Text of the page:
Car interiors of tomorrow: lighter, brighter, more functional.

Today and tomorrow, we will look at ‘high tex’ materials for seats, headlinings and panels. It is not only in the electric cars of tomorrow that the interiors are set to become feel-good zones with a host of different innovative features. Designers now have, at their disposal, new kinds of textiles and fibre-based lightweight composites that emit light and heat, conduct electricity and even have sensory capabilities. These developments – some of them still ‘hot from the laboratory’ – are meeting with interest from manufacturers of cars, lorries and buses alike. Often still in the research phase and, hence, hardly beyond the prototype stage, never mind in regular production and available for the mass market, they recommend themselves for applications in air, rail and sea travel because of their fantastically useful properties.

What can car drivers and other users expect to find between car carpets and headlinings over the next few years? Certainly a great deal of ergonomics, using sustainable and naturally effective materials and tactile surfaces that make it possible to create individuality of design in cars as well as elsewhere. The key focus here: cockpit lighting, adjustable mood lighting and touchpads for the driver, all tailored to the customers wishes. Korean manufacturers, Kia, have already risked a first step in the direction of light-emitting textiles in their city car ‘Soul’. In two versions of the model, a luminescent (unpowered, light-emitting) inscription with the word ‘Soul’ has been woven into the upper part of the seat back.

Meanwhile, German textile research’s dialogue with the automobile and motor-vehicle industry has moved on considerably; Sabine Gimpel, Head of Marketing at the Textile Research Institute Thuringia-Vogtland (Textilforschungsinstitut Thüringen-Vogtland – TITV) in Greiz, identifies several areas of application for smart textiles in car interiors, from the point of view of her research institution which specialises in textile micro-systems technology. Looking at electrically powered vehicles then this might, for instance, be new kinds of seat heaters. “Up to now, they have been deep in the squab. But there, the covering material acts as insulation. With new materials, it is possible to build the heating elements into the seat covers, the arm rest surfaces or the door panels and thus design the seat construction to be much lighter.”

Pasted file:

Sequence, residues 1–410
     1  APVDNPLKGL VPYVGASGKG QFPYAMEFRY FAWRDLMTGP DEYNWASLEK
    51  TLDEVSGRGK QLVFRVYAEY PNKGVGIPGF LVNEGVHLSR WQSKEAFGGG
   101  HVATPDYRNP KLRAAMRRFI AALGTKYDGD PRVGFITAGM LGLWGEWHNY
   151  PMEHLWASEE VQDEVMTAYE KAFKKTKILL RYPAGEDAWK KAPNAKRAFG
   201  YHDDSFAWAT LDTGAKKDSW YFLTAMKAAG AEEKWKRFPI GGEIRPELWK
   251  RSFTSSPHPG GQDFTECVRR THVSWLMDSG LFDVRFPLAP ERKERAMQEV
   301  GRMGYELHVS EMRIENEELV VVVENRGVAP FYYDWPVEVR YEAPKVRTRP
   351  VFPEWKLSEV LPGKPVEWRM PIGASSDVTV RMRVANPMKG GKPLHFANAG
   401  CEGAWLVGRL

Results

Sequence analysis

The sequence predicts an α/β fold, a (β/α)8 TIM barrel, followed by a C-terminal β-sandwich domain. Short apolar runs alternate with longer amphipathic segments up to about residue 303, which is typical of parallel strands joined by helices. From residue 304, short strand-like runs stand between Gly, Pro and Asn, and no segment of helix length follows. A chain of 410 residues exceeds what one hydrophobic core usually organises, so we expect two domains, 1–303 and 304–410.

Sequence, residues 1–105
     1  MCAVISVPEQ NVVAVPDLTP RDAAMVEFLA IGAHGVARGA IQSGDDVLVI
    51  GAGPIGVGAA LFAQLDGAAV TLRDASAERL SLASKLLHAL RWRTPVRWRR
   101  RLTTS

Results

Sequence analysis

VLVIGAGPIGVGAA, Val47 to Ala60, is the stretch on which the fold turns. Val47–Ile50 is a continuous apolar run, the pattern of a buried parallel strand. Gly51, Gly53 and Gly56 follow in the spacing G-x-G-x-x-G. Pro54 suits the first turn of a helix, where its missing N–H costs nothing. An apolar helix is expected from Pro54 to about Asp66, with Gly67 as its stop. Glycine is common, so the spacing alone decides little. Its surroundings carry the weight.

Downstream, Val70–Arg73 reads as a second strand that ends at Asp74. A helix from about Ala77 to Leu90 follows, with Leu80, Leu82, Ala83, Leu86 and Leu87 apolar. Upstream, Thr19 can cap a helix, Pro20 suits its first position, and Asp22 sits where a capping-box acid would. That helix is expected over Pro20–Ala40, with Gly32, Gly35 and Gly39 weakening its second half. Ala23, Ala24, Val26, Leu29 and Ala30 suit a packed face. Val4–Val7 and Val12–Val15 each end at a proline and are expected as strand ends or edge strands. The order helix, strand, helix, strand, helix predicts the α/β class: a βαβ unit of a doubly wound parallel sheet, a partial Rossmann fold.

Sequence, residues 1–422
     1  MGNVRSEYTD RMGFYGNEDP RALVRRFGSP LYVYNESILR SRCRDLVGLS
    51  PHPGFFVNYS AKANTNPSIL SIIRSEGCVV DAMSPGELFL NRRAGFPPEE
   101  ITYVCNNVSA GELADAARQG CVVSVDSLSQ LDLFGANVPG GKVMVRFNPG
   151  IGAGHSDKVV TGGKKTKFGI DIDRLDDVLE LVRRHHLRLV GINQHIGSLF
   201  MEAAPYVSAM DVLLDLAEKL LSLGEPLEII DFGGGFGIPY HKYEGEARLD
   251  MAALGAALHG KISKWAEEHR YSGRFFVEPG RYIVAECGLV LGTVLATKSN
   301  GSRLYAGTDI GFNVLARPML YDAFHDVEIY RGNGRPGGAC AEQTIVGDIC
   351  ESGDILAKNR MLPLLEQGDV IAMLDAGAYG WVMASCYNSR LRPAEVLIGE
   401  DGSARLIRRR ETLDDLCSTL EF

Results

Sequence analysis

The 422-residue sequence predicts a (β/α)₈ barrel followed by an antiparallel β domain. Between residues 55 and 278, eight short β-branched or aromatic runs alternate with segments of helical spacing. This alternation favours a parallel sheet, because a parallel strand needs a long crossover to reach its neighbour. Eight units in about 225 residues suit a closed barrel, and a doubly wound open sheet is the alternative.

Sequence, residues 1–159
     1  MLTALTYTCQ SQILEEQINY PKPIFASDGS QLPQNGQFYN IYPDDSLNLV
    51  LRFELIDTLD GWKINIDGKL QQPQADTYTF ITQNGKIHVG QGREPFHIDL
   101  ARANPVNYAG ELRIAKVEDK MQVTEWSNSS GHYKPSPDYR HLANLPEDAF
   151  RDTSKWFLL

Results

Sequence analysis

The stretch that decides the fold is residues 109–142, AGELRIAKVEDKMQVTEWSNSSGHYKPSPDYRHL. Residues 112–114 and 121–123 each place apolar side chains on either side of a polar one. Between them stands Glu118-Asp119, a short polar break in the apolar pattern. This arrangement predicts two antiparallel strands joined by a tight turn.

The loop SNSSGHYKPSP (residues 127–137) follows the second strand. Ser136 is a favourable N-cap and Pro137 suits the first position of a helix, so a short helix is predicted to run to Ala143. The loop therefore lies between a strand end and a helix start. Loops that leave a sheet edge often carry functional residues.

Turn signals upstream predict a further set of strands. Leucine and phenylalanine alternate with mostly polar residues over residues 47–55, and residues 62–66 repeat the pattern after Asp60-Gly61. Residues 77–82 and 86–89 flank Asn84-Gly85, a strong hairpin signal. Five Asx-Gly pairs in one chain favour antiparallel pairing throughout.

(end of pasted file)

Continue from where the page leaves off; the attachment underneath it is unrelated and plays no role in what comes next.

Ms. Gimpel sees further opportunities in applications using sensitive textile panels for, say, determining what is on a seat squab (in a crash, if, say, there is only a handbag on the passenger seat, then the airbag won’t deploy) and for monitoring bio-signals by means of textile sensor technology to check on the driver’s current state of health. Ms. Gimpel, an expert in this field, is convinced that light-emitting textiles with woven LED threads and glare-free light sources, as well as woven electroluminescent surfaces, will meet the need for both orientation and ambience in cars of the future. In Greiz, continues the Head of Marketing, there is a technology that is just now reaching the operational stage of industrial – and hence cheap – manufacture of light-emitting textiles. With this technology, LEDs can be attached to conductive threads using an embroidering machine and the (soldered) contact then created. When this material is mass-produced, headlinings can be illuminated in a way that both saves energy and is individually tailored to the taste of the purchaser; so, too, can interior door panels.

Tomorrow, we will have the second part about exciting new products around light textiles and so-called “emotional light”

Background picture:  Source – TITV

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